Before addressing Filips' claim which appears to focus on an alleged duty of inquiry and advice, we note that the first and foremost duty of an insurance agent is to exercise reasonable care in procuring adequate insurance. If an insurance agent undertakes to procure insurance and through his neglect and fault fails to do so, he is liable to the insured for any damage resulting therefrom. Steward v. City of Mt. Vernon, 497 N.E.2d 939, 942 *153 (Ind.Ct.App.1986). Here, the designated evidence establishes that during their meeting with Block in January of 1999, the Filips insisted on acquiring the same insurance coverage that had been in effect when the property was owned by Bailey, the previous owner. The record reflects that Bailey had the building insured for $225,000.00 with a 100% co-insurance. However, the initial policy procured by Block for the Filips carried a $250,000.00 building insurance with only 90% co-insurance.

    Furthermore, during the initial meeting with Block, Valaria specifically asked if the contents of her dwelling would be covered. According to Valaria's deposition, Block replied "Yes, you will be covered." (Appellant's App. p. A59). Block also acknowledged that it was her belief that the contents of the dwelling would be covered "under the $25,000.00 of personal property." (Appellant's App. p. A43). The evidence further establishes that on March 27, 2003, approximately two weeks prior to the fire, Auto Owners advised Block that the Filips had no coverage on the contents located in their dwelling. Despite this caution, there is no designated evidence reflecting that Block informed the Filips prior to the fire. Therefore, while it is clear that Block was not only negligent in failing to procure the insurance requested by the Filips, it also appears she violated the implied corresponding duty to notify the applicant in the event an agent is unable to obtain insurance. Steward, 497 N.E.2d at 942.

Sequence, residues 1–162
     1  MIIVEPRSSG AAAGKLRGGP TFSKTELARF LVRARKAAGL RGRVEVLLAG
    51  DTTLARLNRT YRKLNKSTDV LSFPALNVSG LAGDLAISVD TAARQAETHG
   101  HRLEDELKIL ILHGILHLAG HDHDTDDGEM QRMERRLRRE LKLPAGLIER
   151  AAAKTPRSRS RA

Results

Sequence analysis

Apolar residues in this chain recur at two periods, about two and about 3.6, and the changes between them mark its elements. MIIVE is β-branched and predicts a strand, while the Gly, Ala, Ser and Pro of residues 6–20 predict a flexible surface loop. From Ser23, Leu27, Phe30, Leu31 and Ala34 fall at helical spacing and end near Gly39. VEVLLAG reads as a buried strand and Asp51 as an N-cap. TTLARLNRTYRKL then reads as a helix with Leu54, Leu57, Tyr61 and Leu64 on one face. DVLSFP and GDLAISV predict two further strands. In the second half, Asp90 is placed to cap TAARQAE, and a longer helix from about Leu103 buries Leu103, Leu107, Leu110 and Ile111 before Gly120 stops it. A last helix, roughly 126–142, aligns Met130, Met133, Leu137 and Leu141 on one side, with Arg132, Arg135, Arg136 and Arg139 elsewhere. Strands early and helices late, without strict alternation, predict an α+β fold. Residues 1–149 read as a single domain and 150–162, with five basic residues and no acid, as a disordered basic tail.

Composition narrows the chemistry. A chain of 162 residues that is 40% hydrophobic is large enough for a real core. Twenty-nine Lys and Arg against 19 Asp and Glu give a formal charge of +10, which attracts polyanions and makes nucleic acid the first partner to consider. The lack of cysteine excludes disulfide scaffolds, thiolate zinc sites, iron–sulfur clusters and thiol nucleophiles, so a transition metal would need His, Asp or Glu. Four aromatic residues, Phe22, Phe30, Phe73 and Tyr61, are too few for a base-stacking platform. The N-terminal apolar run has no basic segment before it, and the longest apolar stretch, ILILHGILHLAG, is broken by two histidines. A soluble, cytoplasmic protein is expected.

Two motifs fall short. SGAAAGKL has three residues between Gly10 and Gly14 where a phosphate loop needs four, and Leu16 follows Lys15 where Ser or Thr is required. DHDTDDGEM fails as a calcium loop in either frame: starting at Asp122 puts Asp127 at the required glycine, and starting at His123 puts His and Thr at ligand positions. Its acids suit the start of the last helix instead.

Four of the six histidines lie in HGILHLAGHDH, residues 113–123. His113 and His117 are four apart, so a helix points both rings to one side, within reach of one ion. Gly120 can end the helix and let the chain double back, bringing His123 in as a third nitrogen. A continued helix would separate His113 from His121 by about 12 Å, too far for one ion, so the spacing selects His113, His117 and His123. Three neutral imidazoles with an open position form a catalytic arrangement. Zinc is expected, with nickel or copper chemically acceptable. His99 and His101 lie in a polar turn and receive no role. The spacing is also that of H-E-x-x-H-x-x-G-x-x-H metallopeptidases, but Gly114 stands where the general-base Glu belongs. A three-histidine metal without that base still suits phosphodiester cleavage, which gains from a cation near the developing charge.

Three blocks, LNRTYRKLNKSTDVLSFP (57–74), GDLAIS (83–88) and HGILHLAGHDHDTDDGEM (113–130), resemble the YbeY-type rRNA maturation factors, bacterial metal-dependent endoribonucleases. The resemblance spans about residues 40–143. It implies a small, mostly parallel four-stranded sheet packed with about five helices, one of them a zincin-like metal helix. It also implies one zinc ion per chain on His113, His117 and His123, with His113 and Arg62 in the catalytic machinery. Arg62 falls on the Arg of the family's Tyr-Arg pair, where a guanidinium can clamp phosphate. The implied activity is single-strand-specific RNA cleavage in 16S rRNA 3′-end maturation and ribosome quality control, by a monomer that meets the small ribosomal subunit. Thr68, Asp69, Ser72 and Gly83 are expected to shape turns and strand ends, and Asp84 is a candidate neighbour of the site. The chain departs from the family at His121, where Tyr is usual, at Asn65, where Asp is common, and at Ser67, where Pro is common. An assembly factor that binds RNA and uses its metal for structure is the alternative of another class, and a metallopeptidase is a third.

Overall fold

In response, Appellees dispute that Block breached her duty. As such, Appellees refer to established case law, revolving around the issue of material representations or omissions by either the insured or the agent in the application for coverage, which elaborates that even though the insured did not read the application, by signing it he becomes responsible for it. See, e.g., Federal Kemper Ins. Co. v. Brown, 674 N.E.2d 1030, 1035 (Ind.Ct. App.1997), reh'g denied, trans. denied. Thus, Appellees conclude that as the Filips signed the application without reading it and accepted the policies and renewals as written, they cannot now complain that Block somehow breached her duty of reasonable care. We find Appellees' reliance on this particular line of cases misplaced. In the case at bar, neither Block nor the Filips claim to have made misrepresentations with the purpose of inducing an insurance company into issuing an insurance policy.

    Insofar the Filips may have had a duty to familiarize themselves with the clauses of the insurance policy, case law recognizes an exception to this duty. In this regard, we held in Village Furniture, Inc., 541 N.E.2d at 308 (quoting Burns v. Rockford Life Ins. Co., 740 F.2d 542, 544 (7th Cir. 1984)), that reasonable reliance upon an insurance agent's representations can override the duty of an insured to acquaint himself with the policy: